The Patchwork Prince is a pell-mell misadventure involving drugs, sorcery, cannibalism, love and other necessary evils- - - experienced through asylum-tinted glasses. According to his medical file, Jean Du Pont is a failed suicide with brain damage, incapable of speech or self-care. In what passes for reality, he has telenovela-grade amnesia and spends his days locked inside his own broken mind. And inside a modern-day madhouse, to boot. When a routine sojourn to the asylum's padded cells sees two orderlies dead and another patient mauled, Jean is left leery of his perceptions- - - and his newfound superpowers. It is not impossible that a bad batch of Thorazine is responsible for everything. As his blackout subsides, he finds he has kidnapped his psychiatrist and committed a violent B&E. Years' worth of withdrawal begin to hold his mind hostage. The homeowner he hogtied to the toilet appears less than human and he himself is speaking in tongues (English and French being but two). Desperate for the clarity of a fix, he flees. Provenance, and the Audi that runs him over, take him to Paris. There, his pickpocketing hands run afoul of the wrong Albanian gangster. High on heroine meant for the sex slave trade, he accidentally rescues the heiress of a milieu don, one Natalie. Far from being grateful, her father orders Jean's death. He narrowly escapes into police custody... where he is promptly painted with a serial killer-brush. Jean is plucked from his predicament by an eccentric CEO, who is not at all what he seems. Pillowed on the breast of Big Pharma, Jean is forced to admit that the CEO, Zabat, is even crazier than he. The man talks sorcery and spells like they're stocks and commodities. Dangling knowledge of his past, Zabat tries to entice Jean into an unhealthy relationship. They have a falling-out. Literally. The billionaire does not handle the rejection well and sets out to seriously mess with Jean's day. Stumbling Stoned is the start of Jean's journey of self-discovery, reclamation and the inhuman effort of coming to grips with the outrageous delusion we call 'reality.' If you want a fast-paced version of 'Memento' meets a season of the TV series 'Fargo,' you have found your book!
In the grimy midnight world of the Australian suburbs, there are those who serve an unseen, wish-granting force that watches from a sub-spatial realm. A force known primarily as 'The Magician.' Mike Hadley is an Executive in The Magician's mysterious collective; a man with no past and no direction. A phone call at the end of every day wipes his memory clean. When a job goes bad, Mike is left for dead by his partner Tommy, and an opportunistic fugitive, Harper Ivey, rescues Mike - hoping to use him as a means to hit back at the organisation responsible for the disappearance of his sister. Without his daily phone call – Mike gradually recovers his haunted past in his dreams; discovering a bizarre world of dark science bordering on the supernatural: bio-organic broadcast nodes; flesh farms; psychic machines, and an enterprising businessman who just might have a way to truly fight the darkness lingering at the threshold – if he can be trusted...One of the best horror books I've read in a long time!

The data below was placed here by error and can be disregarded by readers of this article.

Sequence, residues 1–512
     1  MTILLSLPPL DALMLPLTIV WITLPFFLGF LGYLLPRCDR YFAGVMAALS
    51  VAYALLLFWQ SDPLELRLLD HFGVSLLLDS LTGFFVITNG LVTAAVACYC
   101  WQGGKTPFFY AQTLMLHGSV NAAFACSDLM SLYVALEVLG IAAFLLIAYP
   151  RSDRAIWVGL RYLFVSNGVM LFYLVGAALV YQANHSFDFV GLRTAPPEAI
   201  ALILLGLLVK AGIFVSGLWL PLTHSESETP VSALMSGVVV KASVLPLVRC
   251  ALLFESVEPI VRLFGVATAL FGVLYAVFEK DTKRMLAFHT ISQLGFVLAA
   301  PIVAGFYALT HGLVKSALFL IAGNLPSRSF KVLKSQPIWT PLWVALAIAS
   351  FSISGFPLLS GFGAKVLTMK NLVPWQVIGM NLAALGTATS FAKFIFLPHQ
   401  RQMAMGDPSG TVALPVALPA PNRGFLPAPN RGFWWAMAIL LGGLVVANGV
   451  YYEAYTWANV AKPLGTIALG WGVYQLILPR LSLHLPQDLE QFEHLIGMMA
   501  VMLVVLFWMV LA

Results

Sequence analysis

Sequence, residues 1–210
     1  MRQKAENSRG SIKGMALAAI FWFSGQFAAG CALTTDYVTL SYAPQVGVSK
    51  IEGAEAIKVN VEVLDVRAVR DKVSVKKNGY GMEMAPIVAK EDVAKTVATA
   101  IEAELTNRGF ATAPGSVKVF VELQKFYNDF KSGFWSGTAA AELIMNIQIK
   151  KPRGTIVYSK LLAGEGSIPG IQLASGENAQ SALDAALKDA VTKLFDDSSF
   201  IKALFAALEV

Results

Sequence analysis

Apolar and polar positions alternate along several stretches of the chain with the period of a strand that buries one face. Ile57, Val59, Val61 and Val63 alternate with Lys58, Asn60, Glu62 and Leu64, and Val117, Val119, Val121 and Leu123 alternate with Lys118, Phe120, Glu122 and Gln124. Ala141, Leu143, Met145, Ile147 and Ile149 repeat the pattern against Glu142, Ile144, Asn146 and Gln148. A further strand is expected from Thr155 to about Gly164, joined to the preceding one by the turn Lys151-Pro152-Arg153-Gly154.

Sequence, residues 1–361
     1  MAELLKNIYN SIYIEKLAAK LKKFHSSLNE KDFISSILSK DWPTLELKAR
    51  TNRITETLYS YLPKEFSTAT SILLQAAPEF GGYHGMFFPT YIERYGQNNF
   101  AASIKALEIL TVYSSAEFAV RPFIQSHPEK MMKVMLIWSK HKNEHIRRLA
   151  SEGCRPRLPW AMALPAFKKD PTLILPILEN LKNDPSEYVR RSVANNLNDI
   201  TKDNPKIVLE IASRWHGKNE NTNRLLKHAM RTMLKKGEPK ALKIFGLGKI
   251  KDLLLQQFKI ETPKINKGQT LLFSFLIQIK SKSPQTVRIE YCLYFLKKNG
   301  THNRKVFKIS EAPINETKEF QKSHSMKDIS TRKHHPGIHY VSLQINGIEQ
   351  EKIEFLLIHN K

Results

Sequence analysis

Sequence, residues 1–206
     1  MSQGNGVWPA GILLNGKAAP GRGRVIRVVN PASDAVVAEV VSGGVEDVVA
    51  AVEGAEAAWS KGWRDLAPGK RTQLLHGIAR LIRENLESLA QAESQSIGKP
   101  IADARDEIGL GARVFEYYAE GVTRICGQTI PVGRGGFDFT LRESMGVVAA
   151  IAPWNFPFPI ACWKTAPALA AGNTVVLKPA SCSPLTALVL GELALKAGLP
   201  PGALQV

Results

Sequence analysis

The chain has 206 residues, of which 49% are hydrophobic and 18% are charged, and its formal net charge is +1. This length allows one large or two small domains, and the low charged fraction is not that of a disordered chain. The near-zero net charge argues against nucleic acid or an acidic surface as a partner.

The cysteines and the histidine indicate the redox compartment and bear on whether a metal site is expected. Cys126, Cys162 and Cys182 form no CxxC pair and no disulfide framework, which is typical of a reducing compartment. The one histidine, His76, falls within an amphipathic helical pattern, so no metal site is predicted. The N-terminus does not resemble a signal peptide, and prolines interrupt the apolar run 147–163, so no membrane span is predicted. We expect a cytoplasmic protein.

I decided that Orion Lake needed to die after the second time he saved my life. Everyone loves Orion Lake. Everyone else, that is. Far as I'm concerned, he can keep his flashy combat magic to himself. I'm not joining his pack of adoring fans. I don't need help surviving the Scholomance, even if they do. Forget the hordes of monsters and cursed artifacts - - - I'm probably the most dangerous thing in the place. Just give me a chance and I'll level mountains and kill untold millions, make myself the dark queen of the world. At least, that's what the world expects. Most of the other students in here would be delighted if Orion killed me like one more evil thing that's crawled out of the drains. Some times I think they want me to turn into the evil witch they assume I am. The school certainly does. But the Scholomance isn't getting what it wants from me. And neither is Orion Lake. I may not be anyone's idea of the shining hero, but I'm going to make it out of this place alive, and I'm not going to slaughter thousands to do it, either. Although I'm giving serious consideration to just one. If you like Harry Potter, you'll love this one, but this one if more for adults.
Worst of 2020:
Devin Bradley has been plagued with nightmares of his best friend's murder. When he wakes at an unknown house, he begins to fear that the cult which sacrificed his friend are now after him. With visions of the past and future, Devin realizes there is a war going on between Heaven and Hell, demons and angels. Readers won't be able to imagine what can happen when the Destroyer of worlds finds a way to break through the boundaries that separate realms and universes! This book was so horribly written that it was nearly unreadable! In one part, the author spent an entire paragraph describing a young woman's hair...
The year was 2014. We had cured cancer. We had beaten the common cold. But in doing so we had created something new, something terrible that no one could stop. The infection spread, virus blocks taking over bodies and minds with one, unstoppable command: FEED. Now, twenty years after the Rising, Georgia and Shaun Mason are on the trail of the biggest story of their lives- - -the dark conspiracy behind the infected. The truth will out, even if it kills them. The worst part of this book was that it was promoted as a horror book with zombies, but it turned out to be a political thriller with very few zombies thrown into it. That wasn't the only reason I didn't like it: the author repeated herself constantly throughout the book, taking up page after page of the same information we had chapters ago; there were inconsistencies throughout (sometimes in the very next sentence), and a lot of little things that just made it an unpleasant read.